=====
Ron


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 Post subject:
PostPosted: May Wed 06, 2009 9:25 pm 
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There apparently were other TV's that used plug-in ballasts besides the Motorolas we are so familiar with.

I remember having a catalog many years ago, perhaps in the late 50's-early 60's which had a section for TV replacement ballasts. Can't remember if it was JFD, Clarostat, or which manufacturer. But there were several different TV brands listed, maybe 6 or 8 different ones.

I have since seen those ballasts turn up at radio shows or on the shelves of old-time parts distributors. Doesn't look like the others were ever popular, but only rarely does a replacement ballast for the Motorola turn up.

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Experience is what you gain when the results aren't what you were expecting.


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 Post subject:
PostPosted: May Wed 06, 2009 9:37 pm 
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I got a few of these Motorola TS-4Js sitting up in the attic awaiting restoration, and this is what I had been considering as an option for replacing the ballast tube.

First of all I was planning on running the 7JP4 off a filament transformer. And I was planning on replacing it with a resistor in the filament string. But eventually I noticed that without the crt, if I were to tie the 2 separate 73v filament strings together then substitute the 2 25L6s with 12L6s, it would add up to exactly 120v. Then I wouldn't need any resistors at all.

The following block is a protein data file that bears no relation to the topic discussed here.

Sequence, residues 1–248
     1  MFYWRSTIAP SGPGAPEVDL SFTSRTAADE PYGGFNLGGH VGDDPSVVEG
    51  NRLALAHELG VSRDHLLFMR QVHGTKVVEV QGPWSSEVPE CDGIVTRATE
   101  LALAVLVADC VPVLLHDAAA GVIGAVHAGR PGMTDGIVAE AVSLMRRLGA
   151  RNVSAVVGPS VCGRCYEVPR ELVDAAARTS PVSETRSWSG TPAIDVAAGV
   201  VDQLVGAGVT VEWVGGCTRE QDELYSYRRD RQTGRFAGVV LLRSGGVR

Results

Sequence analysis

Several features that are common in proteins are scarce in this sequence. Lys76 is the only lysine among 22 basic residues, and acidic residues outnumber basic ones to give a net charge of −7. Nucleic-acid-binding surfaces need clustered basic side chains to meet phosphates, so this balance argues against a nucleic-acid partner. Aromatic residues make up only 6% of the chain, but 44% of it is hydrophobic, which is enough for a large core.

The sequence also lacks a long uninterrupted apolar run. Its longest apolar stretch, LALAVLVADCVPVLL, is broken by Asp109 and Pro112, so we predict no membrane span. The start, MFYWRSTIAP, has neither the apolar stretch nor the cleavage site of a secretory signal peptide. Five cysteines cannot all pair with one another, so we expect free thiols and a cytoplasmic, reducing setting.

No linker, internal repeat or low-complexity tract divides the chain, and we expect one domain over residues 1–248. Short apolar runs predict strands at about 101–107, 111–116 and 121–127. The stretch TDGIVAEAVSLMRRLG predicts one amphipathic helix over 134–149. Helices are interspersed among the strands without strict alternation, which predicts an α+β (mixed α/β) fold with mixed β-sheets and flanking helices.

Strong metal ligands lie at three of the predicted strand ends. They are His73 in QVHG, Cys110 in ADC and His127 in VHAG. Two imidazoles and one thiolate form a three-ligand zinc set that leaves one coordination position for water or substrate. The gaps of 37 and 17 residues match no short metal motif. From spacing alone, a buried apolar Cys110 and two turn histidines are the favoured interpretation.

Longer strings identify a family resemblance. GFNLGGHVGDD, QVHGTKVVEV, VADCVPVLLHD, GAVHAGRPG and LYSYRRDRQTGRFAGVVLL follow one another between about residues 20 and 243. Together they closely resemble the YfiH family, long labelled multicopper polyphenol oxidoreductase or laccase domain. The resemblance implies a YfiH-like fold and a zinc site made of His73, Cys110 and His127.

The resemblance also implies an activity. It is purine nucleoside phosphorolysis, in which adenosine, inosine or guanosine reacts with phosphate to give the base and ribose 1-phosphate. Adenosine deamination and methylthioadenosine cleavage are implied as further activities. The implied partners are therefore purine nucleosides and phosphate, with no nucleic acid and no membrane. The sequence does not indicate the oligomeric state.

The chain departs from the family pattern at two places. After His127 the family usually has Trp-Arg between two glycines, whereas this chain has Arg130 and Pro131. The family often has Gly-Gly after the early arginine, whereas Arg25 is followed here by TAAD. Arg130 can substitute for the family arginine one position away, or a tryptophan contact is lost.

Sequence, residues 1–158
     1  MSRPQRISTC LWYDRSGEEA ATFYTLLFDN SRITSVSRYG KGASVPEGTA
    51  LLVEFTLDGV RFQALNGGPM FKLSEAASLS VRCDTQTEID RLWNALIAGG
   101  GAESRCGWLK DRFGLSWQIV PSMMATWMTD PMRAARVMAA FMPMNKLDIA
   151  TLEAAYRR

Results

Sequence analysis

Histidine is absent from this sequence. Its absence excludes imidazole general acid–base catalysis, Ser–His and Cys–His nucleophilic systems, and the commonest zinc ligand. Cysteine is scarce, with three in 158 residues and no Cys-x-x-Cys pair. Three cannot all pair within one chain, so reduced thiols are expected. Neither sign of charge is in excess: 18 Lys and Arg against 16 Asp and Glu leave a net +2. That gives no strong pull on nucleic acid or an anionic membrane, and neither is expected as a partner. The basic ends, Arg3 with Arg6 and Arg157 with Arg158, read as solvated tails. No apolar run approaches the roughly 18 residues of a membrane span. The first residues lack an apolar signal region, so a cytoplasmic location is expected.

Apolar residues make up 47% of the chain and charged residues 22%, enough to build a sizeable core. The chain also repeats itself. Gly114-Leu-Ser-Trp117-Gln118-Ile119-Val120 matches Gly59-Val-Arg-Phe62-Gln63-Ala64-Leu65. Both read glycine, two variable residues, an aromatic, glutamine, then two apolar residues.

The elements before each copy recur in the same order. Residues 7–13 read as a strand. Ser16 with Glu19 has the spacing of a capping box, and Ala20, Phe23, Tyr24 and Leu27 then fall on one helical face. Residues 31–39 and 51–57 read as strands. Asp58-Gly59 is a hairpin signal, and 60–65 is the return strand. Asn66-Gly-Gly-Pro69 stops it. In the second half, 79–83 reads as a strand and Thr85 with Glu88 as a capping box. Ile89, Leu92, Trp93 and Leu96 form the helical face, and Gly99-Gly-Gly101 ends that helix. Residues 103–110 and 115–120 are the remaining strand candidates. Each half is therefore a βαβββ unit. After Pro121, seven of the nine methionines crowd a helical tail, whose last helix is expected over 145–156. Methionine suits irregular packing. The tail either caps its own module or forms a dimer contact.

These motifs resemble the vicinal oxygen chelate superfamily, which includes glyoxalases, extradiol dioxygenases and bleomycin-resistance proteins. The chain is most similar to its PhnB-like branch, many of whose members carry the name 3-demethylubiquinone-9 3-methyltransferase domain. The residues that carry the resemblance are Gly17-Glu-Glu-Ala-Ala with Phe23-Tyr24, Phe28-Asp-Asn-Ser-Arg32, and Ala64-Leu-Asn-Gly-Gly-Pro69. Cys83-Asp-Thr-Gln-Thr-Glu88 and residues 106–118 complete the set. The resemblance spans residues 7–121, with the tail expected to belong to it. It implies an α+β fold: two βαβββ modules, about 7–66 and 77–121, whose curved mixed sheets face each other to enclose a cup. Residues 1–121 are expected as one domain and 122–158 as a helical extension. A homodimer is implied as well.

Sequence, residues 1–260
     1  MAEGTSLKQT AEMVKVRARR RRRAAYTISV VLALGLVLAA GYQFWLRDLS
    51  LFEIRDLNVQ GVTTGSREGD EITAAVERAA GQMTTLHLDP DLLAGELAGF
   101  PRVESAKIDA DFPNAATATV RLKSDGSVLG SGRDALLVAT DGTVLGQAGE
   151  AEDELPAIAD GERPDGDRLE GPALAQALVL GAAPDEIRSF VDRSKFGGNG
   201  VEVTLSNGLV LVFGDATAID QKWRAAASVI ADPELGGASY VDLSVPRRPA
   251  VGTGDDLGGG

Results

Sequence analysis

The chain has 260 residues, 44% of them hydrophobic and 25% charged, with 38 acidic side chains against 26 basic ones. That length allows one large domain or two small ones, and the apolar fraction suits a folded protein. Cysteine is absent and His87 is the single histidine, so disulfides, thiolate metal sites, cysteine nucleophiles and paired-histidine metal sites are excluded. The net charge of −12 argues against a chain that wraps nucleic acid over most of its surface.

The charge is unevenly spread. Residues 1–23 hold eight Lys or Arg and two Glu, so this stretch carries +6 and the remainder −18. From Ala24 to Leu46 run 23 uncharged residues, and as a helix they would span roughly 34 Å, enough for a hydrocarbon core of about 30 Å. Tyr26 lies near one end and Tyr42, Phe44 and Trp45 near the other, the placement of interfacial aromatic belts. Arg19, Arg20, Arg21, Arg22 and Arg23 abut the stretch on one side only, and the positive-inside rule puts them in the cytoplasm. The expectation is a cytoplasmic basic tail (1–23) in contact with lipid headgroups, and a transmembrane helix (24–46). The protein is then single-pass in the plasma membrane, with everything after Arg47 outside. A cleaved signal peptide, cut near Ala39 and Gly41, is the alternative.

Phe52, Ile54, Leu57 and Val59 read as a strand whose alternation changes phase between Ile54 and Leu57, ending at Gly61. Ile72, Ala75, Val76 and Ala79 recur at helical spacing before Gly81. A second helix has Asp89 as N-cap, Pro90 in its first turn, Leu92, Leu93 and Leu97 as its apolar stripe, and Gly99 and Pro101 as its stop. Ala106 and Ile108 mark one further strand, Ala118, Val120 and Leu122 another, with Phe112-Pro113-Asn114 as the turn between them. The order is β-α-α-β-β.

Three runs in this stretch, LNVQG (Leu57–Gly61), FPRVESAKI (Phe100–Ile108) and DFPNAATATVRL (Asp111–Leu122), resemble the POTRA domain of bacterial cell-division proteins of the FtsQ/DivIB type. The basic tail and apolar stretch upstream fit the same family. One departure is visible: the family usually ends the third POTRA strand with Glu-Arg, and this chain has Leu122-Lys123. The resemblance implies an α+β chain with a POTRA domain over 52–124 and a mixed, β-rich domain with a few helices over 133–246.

But I would still need 2 of the resistors from the ballast tube, not in the filament string, I think one goes before the voltage doubler, and one inbetween 2 of the filter caps. But I thought with just 2, I could empty out an old ballast tube, have enough room to stuff 2 of those power resistors in. Then I could mount the filament transformer for the crt under the chassis, and have a more original look to the top of the chassis.

I believe that a 12L6 is exactly the same as a 25L6 except for the filament voltage, but I'm not 100% sure about that. Plus there might be some other unforeseen consequences of messing with the filament string in that way. Anyway, it'll probably be months before I work on these sets, I have plenty of time to revise my plans before then.


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 Post subject:
PostPosted: May Wed 06, 2009 10:19 pm 
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12L6 filament current is 600 ma, compared to 300 ma for the 25L6.

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 Post subject:
PostPosted: May Wed 06, 2009 10:31 pm 
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Mr. Detrola wrote:
12L6 filament current is 600 ma, compared to 300 ma for the 25L6.